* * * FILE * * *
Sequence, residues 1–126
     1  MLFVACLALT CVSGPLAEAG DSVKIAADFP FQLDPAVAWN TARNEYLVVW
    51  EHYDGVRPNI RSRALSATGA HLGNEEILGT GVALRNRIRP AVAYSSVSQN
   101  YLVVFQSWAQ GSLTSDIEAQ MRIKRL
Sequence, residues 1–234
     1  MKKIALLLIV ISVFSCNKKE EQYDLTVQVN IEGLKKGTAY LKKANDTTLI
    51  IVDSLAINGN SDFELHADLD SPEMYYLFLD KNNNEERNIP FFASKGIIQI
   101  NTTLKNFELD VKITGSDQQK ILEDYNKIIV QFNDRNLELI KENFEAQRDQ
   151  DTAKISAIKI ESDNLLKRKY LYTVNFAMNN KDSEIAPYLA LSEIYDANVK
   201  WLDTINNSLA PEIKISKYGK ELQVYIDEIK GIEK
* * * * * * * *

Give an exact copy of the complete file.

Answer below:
Sequence, residues 1–126
     1  MLFVACLALT CVSGPLAEAG DSVKIAADFP FQLDPAVAWN TARNEYLVVW
    51  EHYDGVRPNI RSRALSATGA HLGNEEILGT GVALRNRIRP AVAYSSVSQN
   101  YLVVFQSWAQ GSLTSDIEAQ MRIKRL
Sequence, residues 1–234
     1  MKKIALLLIV ISVFSCNKKE EQYDLTVQVN IEGLKKGTAY LKKANDTTLI
    51  IVDSLAINGN SDFELHADLD SPEMYYLFLD KNNNEERNIP FFASKGIIQI
   101  NTTLKNFELD VKITGSDQQK ILEDYNKIIV QFNDRNLELI KENFEAQRDQ
   151  DTAKISAIKI ESDNLLKRKY LYTVNFAMNN KDSEIAPYLA LSEIYDANVK
   201  WLDTINNSLA PEIKISKYGK ELQVYIDEIK GIEK